It’s been more than a week since the show and I’m just now getting around to writing about it. I got sick immediately after the show, which isn’t surprising, since I was incredibly run down from the worry and extra practices. Then I had to quickly shift into last-minute Christmas shopping and wrapping mode. Now that I’m done with that, I can share a few thoughts.
I think it’s probably good that I didn’t have time to blog right after our performances or I might have over shared. Now that I’ve had time to think about it before putting my thoughts into print, I’m going to take a different approach to the post-show review.
The conductor of the chorale with which I sing tells us never to show our “learning curve” or reveal our mistakes to the audience after a performance; it’s not professional, and we’re supposed to be a professional group. So I generally don’t. But then, it’s more difficult to recognize mistakes in a chorale performance, unless maybe you’ve got a highly trained ear. In a student dance recital, that’s not quite the case. If one dancer in the group is off or if a soloist stumbles a bit, the audience will surely notice.
Still, there are probably things I/we did that the audience did not notice. So I’m going to leave those things alone. Why draw attention to things that the audience might not have been aware of?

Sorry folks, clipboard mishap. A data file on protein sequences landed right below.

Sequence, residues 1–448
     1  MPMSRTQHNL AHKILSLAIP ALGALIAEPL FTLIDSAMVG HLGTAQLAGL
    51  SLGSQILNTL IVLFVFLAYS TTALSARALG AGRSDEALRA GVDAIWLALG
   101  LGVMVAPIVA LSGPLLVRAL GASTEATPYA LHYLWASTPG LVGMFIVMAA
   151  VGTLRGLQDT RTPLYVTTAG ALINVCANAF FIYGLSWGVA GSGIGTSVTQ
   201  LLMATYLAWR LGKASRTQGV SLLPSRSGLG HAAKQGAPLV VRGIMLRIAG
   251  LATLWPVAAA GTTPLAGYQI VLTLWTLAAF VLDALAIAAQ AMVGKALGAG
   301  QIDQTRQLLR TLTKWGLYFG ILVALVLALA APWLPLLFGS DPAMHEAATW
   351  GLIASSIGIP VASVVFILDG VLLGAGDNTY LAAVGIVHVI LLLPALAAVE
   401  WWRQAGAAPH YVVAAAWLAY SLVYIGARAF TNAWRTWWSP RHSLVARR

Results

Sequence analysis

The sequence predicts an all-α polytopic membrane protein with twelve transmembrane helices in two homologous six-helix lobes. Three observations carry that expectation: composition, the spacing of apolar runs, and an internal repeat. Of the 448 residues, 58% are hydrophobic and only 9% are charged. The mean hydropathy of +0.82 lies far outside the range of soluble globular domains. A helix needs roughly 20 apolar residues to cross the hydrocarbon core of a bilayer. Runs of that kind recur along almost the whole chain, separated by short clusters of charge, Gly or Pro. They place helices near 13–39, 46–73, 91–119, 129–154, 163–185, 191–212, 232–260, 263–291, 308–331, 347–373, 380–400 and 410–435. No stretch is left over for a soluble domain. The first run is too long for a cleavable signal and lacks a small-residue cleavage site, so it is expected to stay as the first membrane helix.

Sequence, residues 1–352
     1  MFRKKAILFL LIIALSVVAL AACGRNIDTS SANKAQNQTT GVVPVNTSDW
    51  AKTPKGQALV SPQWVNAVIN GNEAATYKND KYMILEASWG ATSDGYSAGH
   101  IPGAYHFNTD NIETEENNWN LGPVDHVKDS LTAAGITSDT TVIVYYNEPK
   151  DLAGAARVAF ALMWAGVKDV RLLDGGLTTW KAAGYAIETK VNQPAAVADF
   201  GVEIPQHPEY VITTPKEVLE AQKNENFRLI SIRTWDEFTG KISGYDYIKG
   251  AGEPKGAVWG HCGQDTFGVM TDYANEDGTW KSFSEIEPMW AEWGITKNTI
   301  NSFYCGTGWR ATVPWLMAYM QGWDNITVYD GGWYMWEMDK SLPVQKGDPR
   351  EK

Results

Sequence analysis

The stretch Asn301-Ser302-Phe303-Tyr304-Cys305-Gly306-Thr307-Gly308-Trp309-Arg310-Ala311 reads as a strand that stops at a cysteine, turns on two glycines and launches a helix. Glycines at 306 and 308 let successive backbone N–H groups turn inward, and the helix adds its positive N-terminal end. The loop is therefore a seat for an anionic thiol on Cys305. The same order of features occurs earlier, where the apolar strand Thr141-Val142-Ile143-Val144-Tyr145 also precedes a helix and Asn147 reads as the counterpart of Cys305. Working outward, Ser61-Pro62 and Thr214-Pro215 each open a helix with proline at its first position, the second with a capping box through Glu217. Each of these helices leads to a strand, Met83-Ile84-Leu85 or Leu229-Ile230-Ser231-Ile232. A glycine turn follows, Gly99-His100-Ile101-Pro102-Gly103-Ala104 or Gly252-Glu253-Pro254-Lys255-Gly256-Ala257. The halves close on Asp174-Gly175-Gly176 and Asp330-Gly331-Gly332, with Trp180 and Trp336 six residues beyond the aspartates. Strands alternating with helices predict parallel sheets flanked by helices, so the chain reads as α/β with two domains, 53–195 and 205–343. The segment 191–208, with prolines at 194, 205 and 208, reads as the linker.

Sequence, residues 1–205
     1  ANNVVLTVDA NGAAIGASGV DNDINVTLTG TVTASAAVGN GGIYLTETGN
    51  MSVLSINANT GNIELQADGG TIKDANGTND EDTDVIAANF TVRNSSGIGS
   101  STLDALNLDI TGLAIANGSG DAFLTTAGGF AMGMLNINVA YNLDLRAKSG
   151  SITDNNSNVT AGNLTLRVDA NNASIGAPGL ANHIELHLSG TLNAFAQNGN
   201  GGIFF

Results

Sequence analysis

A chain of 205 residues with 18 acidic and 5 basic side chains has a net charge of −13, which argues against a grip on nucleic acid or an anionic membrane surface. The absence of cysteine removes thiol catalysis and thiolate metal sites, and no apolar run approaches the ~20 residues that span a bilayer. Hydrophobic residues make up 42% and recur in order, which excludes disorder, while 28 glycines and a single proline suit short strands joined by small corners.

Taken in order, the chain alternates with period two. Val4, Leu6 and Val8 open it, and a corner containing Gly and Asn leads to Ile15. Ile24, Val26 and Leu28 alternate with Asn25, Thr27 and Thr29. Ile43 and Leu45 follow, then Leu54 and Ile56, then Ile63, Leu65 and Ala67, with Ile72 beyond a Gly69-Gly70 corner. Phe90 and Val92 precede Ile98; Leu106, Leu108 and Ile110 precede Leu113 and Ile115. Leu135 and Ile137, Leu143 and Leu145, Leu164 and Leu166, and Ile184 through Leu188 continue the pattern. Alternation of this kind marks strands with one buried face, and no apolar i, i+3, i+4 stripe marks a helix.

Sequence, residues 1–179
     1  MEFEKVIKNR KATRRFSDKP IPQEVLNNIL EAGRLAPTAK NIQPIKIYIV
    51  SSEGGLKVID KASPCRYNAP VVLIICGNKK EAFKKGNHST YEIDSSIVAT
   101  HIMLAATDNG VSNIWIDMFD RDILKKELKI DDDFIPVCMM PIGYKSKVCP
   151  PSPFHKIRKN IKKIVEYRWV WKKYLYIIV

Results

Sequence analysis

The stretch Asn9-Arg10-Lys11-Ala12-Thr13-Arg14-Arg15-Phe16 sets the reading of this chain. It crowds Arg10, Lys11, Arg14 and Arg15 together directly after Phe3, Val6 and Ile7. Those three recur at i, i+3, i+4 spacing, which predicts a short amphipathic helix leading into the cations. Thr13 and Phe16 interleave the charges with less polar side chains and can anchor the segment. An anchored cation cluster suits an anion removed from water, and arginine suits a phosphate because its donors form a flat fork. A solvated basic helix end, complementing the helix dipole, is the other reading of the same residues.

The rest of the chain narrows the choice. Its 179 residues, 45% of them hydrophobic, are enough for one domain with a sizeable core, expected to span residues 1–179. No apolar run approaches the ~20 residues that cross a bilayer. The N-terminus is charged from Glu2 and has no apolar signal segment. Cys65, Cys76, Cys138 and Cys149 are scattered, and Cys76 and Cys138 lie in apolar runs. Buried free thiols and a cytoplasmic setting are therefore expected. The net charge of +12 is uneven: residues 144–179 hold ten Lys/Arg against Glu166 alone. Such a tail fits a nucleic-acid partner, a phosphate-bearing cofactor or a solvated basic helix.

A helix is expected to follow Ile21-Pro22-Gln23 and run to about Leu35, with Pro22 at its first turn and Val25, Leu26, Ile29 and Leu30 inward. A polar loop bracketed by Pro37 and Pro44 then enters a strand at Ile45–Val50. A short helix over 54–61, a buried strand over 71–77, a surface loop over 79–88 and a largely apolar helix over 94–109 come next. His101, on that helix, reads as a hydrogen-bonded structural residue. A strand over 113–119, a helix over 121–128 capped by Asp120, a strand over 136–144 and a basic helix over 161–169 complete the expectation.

One of my compañeras says she has a knack for forgetting her mistakes. I think this is a gift. On the flip side, what I have learned about myself in this process of learning and performing is that I have a knack for remembering EVERY misstep in EVERY choreography I EVER performed. EVER. This, I’m certain, is a curse.
So what I’ll say is, I made mistakes. Some big, some small, some really stupid that left me thinking, “WTF happened?!” and were hard to shake off. But I’m not going into detail here.
One of my New Year’s resolutions is get out of my head and quit obsessing over mistakes made in the past, both with the dance and in other areas of my life. If I don’t, I’ll never be able to move on and up. I just have to recognize them, learn from them and then let them go. Having years worth of crumpled up mistakes cluttering up my brain is not helping my progress. It’s time to take out the trash.
I’m looking forward to putting on my shoes and starting fresh in January. Happy New Year, everyone.